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Henry v. Thomas

United States District Court, E.D. Pennsylvania

May 9, 2017

SIDDEEQ BASIL HENRY
v.
JOHN THOMAS, et al.

          MEMORANDUM

          THOMAS N. O'NEILL, JR., J.

         Pro se prisoner plaintiff Siddeeq Basil Henry brings § 1983 claims against defendant prison officials Arthur Johnson and L. Williams. Am. Compl., Dkt. No. 34.[1] He claims their actions violated his Eighth Amendment right to be free from cruel and unusual punishment and First Amendment right to free speech.[2] Defendants filed a motion for summary judgment, Dkt. No. 52, to which plaintiff responded, Dkt. No. 58. For the following reasons, I will grant defendants' motion.

         STANDARD OF REVIEW

         Summary judgment will be granted “against a party who fails to make a showing sufficient to establish the existence of an element essential to that party's case, and on which that party will bear the burden of proof at trial.” Celotex Corp. v. Catrett, 477 U.S. 317, 322 (1986). The party moving for summary judgment bears the burden of demonstrating that “there is no genuine dispute as to any material fact and the movant is entitled to judgment as a matter of law.” Fed.R.Civ.P. 56(a); see Celotex, 477 U.S. at 322-23. If the movant sustains its burden, the nonmovant must set forth facts demonstrating the existence of a genuine dispute. See Anderson v. Liberty Lobby, Inc., 477 U.S. 242, 255 (1986). A dispute as to a material fact is genuine if “the evidence is such that a reasonable jury could return a verdict for the nonmoving party.” Id. A fact is “material” if it might affect the outcome of the case under governing law. Id.

         To establish “that a fact cannot be or is genuinely disputed, ” a party must:

(A) cit[e] to particular parts of materials in the record, including depositions, documents, electronically stored information, affidavits or declarations, stipulations (including those made for purposes of the motion only), admissions, interrogatory answers, or other materials; or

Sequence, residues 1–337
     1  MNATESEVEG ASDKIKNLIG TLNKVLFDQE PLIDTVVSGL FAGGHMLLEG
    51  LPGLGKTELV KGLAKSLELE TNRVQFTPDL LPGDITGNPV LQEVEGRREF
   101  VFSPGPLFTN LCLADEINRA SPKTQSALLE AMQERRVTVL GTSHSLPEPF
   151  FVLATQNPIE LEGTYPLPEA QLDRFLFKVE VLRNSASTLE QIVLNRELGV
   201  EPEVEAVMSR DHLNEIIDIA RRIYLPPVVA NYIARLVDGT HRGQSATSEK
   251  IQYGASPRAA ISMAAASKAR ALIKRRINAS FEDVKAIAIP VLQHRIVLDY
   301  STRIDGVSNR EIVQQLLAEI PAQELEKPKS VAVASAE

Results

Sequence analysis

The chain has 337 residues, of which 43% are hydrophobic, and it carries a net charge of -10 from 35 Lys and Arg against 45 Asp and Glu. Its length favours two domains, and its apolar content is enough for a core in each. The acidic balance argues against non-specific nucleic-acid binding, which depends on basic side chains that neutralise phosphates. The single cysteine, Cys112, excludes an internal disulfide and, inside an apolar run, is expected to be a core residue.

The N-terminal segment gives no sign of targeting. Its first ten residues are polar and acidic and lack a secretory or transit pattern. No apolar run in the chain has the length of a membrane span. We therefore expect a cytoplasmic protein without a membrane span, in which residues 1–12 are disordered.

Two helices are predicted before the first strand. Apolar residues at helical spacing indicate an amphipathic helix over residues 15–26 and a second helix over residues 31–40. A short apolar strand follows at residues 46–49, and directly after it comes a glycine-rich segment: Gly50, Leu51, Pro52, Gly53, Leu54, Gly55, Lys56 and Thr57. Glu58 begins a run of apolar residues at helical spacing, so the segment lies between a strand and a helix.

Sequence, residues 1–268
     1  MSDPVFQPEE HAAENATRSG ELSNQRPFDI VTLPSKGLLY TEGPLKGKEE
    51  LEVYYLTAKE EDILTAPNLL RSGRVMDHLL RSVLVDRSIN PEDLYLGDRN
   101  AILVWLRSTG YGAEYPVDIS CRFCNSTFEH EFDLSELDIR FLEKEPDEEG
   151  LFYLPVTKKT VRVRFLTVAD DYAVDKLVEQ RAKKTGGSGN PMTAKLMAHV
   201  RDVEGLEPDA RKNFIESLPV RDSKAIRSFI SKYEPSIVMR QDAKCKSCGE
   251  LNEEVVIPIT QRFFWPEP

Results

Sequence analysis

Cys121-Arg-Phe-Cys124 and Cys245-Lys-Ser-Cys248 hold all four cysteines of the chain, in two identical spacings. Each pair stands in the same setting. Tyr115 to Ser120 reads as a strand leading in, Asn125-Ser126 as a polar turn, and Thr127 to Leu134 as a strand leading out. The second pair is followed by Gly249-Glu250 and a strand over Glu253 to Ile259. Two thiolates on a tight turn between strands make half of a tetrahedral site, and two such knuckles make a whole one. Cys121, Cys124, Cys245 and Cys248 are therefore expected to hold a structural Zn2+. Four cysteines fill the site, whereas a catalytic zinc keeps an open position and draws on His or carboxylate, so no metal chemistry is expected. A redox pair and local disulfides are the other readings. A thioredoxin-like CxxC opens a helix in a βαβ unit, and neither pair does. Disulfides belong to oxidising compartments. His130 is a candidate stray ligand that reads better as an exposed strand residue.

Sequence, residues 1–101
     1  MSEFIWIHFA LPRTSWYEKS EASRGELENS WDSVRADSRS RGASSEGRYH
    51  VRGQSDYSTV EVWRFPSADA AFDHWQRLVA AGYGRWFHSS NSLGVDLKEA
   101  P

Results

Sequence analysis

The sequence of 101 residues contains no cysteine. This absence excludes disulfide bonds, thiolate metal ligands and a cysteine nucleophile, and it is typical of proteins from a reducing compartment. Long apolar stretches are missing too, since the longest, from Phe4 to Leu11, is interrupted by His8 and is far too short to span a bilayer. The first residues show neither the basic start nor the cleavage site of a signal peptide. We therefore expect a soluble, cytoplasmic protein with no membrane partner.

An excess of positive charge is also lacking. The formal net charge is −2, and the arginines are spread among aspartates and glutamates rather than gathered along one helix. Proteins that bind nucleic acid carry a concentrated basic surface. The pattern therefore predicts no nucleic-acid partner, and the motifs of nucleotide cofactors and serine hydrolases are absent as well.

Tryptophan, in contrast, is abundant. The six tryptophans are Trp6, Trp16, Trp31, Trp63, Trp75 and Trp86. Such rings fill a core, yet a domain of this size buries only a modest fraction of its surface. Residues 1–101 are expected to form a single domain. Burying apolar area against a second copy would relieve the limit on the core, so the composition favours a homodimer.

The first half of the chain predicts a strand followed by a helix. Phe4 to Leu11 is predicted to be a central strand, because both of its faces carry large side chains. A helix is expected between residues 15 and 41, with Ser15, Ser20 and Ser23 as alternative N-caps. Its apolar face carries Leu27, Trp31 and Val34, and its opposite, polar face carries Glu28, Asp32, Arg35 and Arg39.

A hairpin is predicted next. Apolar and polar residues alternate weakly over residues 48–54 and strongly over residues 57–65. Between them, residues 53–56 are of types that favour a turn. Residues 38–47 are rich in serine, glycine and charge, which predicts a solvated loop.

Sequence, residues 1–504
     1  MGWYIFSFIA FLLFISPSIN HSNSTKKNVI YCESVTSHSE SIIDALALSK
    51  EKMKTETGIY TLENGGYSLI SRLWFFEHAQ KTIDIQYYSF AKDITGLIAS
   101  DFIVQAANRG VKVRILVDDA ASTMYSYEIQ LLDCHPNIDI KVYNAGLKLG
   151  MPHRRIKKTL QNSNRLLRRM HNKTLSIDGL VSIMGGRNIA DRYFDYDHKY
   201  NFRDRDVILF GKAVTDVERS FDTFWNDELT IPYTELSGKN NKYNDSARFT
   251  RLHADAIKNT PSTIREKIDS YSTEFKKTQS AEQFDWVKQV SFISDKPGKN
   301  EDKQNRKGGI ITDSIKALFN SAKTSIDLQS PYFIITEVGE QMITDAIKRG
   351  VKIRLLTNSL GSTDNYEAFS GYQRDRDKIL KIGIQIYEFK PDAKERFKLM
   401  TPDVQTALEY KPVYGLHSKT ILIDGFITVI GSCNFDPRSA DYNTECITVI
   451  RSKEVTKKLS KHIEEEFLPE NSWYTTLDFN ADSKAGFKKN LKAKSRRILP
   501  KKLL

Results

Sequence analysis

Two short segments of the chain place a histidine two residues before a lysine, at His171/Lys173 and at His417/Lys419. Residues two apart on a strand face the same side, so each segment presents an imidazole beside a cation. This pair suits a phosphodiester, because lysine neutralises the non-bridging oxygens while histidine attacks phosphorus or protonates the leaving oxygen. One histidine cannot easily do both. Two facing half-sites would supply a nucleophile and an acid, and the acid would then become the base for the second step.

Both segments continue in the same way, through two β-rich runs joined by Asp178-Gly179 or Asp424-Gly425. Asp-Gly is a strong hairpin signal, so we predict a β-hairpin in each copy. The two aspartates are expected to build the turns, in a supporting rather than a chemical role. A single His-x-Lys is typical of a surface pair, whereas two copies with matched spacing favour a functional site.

(B) show[ ] that the materials cited do not establish the absence or presence of a genuine dispute, or that an adverse party cannot produce admissible evidence to support the fact.

Fed. R. Civ. P. 56(c)(1). The adverse party must raise “more than a mere scintilla of evidence in its favor” in order to overcome a summary judgment motion and cannot survive by relying on unsupported assertions, conclusory allegations, or mere suspicions. Williams v. Borough of W. Chester, 891 F.2d 458, 460 (3d Cir. 1989). “At the summary judgment stage, facts must be viewed in the light most favorable to the nonmoving party only if there is a ‘genuine' dispute as to those facts.” Scott v. Harris, 550 U.S. 372, 380 (2007), quoting Fed.R.Civ.P. 56(c). “Where the record taken as a whole could not lead a rational trier of fact to find for the nonmoving party, there is no ‘genuine issue for trial.'” Id., quoting Matsushita Elec. Indus. Co. v. Zenith Radio Corp., 475 U.S. 574, 586-87 (1986).

         I. Excessive Force Claim Against Johnson

         Plaintiff claims Corrections Officer Johnson used excessive force against him when he choked, elbowed and tightly handcuffed plaintiff. However, because Johnson's actions followed plaintiff's aggressive assault of Johnson in a prison hallway-punching him in the head four times-and because plaintiff did not suffer serious injuries, no reasonable jury could conclude, on the evidence before me, that officer Johnson acted “maliciously and sadistically to cause harm” rather than “in a good-faith effort to maintain or restore discipline, ” as required to establish an Eighth Amendment claim for excessive force. Hudson v. McMillian, 503 U.S. 1, 7 (1992). I will therefore grant defendants' motion for summary judgment with respect to plaintiff's claim against Johnson.

         A. Background